June 17, 2010 at 11:34 am |
    • Drew

      Truthie, the entire 2nd discussion was about Jesus Christ. Not just one principle, but the ENTIRE discussion. Nice try.

      June 18, 2010 at 2:09 pm |
  9. wally

    The Bible says that "No man can see the Father and live." And yet, J. Smith saw the father. Now either, Joe is right or the Bible is right. So, if the Bible is right, than we can be certain that what Joseph Smith saw was nothing other than the "demons that appear as light" as mentioned in 2nd Corinthians 11:14. Read the Bible and believe what it says and it will steer you in the correct direction.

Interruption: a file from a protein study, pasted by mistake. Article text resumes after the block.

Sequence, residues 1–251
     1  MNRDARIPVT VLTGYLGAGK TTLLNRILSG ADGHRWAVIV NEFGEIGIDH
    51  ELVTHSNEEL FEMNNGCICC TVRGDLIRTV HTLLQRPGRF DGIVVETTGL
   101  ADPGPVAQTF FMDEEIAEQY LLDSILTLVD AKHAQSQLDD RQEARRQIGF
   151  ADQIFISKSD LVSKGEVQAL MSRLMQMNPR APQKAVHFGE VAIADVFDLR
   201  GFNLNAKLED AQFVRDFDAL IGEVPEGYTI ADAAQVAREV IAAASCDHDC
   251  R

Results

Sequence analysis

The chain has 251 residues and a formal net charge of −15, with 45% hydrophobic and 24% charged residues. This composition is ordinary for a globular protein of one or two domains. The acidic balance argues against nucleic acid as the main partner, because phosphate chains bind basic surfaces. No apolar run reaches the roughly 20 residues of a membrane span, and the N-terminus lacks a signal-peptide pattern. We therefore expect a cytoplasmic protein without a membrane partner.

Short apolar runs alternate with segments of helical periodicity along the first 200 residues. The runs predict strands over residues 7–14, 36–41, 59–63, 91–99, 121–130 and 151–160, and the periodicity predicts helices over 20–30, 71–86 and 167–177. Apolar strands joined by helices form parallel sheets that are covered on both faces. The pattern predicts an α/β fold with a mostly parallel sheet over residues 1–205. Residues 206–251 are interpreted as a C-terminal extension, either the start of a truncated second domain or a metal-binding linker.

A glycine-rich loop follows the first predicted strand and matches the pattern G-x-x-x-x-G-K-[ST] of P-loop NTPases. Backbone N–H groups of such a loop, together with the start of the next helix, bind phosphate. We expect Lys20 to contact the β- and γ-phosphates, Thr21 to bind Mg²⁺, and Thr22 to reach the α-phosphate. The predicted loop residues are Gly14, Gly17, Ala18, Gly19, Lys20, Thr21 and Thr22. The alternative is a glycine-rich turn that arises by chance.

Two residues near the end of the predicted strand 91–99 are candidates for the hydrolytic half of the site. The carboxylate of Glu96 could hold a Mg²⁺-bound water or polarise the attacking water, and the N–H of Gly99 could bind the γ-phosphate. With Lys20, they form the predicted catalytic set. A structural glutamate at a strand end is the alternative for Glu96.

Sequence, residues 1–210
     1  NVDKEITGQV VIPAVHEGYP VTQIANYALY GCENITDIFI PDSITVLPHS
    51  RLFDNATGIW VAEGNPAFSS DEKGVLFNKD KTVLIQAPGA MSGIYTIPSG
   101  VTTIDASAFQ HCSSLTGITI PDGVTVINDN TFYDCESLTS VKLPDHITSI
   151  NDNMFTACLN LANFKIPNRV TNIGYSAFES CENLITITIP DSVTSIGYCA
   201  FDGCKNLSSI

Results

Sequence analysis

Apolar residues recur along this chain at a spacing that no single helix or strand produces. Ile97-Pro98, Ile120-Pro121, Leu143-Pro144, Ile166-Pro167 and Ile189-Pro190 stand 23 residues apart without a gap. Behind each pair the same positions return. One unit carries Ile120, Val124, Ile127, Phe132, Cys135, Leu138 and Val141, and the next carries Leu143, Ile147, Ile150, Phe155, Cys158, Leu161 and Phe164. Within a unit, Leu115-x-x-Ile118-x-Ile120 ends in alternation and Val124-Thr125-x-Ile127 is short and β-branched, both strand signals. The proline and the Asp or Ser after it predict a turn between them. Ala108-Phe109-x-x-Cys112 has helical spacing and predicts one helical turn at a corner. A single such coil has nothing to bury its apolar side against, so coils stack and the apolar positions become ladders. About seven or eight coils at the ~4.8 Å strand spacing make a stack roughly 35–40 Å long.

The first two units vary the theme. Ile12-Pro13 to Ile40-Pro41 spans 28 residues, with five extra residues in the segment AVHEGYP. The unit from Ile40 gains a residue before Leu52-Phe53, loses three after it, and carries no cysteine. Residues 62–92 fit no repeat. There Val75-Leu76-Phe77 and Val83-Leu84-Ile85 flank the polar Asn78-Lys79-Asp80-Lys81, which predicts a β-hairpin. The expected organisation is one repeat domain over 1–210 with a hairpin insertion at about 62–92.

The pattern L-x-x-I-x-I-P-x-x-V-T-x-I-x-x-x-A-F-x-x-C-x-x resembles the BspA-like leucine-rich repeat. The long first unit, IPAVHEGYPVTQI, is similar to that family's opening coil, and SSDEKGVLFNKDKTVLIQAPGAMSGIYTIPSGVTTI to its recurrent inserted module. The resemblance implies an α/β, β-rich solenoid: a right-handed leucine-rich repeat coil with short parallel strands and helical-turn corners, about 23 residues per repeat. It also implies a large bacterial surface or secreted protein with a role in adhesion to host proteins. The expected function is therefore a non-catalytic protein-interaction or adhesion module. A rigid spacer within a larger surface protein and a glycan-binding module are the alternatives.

June 16, 2010 at 1:30 pm |
    • wally

      ...because of this [vision], everything after this event should be rejected. Although something probably did occur, it shouldn't be accepted as begin "from God."

      June 16, 2010 at 2:16 pm |
    • wally

      If you already are participating in this religion, you should "RUN" and bring your family with you.

      June 16, 2010 at 2:27 pm |
    • scifigal2k

      If no one has seen God face-to-face, then why does it say in Exodus 33:11 that God spoke unto Moses face to face? Or Jacob in Genesis 32:30? Then John 6:46 says that no one has seen God unless he is of God. How could Stephen have seen Christ on the right hand of God in Acts 7:56 unless He saw God there too?

      June 17, 2010 at 9:58 am |
    • BB